During the planning of TAXII 2.0 the TC considered the inclusion of a channels feature to address the publish-subscribe use-case. However, the CTI TC decided to solve the major use-case of request-response first. The publish-subscribe use case was deferred to a later release.
The TC had an extensive discussion on the topic, including a ballot, and concluded that the use cases were sufficiently different to warrant separate objects. While the Note and Opinion objects bear significant architectural similarity, the underlying semantics (driven by their respective use cases) were such that making them separate SDOs was the logical choice.
The Note object should be used to provide additional details or further analysis on an object. The Opinion object should be used to provide an opinion on the correctness of another object. Still wondering which to use? Do you want to provide a value on a scale from "strongly disagree" to "strongly disagree" about the object you're talking about? If so, use Opinion, if not, use Note.
The TC will make a best effort to avoid making either forwards or backwards-breaking changes in minor releases. That said, on occasion breaking changes may need to be made. For example, with stub objects the TC will more than likely make forward and backward-breaking changes, but these objects are marked as such and should not be considered stable. Other forward or backward breaking changes will be done carefully and only when the TC deems that the justification of doing so justifies the potential impact on implementers.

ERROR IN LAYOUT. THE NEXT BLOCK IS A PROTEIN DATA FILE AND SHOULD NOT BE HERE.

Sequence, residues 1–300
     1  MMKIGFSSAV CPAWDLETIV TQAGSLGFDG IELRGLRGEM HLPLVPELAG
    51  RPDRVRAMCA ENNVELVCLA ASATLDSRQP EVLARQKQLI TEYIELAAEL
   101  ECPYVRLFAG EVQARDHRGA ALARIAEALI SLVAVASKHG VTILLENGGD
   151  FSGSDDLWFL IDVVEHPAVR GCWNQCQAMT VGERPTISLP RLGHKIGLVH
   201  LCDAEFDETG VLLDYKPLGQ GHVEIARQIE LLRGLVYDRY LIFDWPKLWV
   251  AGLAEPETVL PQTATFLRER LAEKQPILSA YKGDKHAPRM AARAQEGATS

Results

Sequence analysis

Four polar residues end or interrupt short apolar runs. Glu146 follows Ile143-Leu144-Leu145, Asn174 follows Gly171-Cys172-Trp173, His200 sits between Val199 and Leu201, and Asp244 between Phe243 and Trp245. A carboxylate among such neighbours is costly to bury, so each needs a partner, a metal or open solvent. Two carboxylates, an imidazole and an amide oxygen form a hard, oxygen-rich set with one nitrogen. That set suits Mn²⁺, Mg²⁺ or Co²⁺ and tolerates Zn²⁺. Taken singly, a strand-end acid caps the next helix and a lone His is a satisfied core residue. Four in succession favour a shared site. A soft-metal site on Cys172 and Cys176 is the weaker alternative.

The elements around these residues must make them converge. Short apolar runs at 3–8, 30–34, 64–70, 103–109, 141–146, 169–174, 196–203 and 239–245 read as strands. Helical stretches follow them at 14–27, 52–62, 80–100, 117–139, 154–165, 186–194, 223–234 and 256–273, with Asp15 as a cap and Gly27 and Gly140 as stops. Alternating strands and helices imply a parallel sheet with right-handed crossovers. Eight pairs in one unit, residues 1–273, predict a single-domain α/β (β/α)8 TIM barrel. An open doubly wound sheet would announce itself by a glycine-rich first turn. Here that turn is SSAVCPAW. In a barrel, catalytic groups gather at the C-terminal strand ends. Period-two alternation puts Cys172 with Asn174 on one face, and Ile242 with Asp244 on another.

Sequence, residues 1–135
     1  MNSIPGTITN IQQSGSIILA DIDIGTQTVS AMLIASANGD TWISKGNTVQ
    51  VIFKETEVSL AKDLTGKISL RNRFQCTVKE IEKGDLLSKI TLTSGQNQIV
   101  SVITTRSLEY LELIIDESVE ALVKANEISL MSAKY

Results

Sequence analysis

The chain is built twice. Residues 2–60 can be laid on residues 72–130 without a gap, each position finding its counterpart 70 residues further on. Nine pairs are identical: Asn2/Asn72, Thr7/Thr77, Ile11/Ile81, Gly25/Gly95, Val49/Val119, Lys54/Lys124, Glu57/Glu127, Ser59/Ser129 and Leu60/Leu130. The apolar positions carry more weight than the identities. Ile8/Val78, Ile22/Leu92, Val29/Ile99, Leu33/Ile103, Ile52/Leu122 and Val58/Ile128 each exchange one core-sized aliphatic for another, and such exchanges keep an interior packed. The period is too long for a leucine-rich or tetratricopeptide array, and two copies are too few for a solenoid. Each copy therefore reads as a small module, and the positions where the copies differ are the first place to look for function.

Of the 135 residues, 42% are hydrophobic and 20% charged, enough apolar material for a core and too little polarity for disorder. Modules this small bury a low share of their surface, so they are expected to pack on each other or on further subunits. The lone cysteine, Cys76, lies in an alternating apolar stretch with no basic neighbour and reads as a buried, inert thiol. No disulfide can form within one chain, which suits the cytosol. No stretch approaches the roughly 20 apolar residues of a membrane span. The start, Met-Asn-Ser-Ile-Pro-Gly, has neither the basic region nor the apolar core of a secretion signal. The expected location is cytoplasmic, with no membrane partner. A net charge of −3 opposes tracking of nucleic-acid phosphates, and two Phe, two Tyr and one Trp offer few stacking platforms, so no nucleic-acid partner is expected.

The community focused on developing objects that saw significant usage in practice. Many CybOX objects were defined but never (or rarely) used.
If you were using a CybOX object and it's not a part of STIX 2, let us know! Ideally you can help us build out what the definition of that object should look like.
If you're a TC member, post to the email@example.com list. If you're not, post to firstname.lastname@example.org (instructions here: https://www.oasis-open.org/committees/comments/index.php?wg_abbrev=cti).
Per the guidelines in Section 4.2, Location was made an SDO for several reasons:
The reason the TC selected this wording is because it is not possible to create formal definition of a "material change" based on STIX itself.
You can't base a material change based on the number of properties that have changed. There may not be a correlation between the number of properties changed and whether or not those changes are material. Since one can't create a formal definition for a material change based on STIX itself, it makes little sense to have a formal normative statement like MUST or SHOULD around its usage.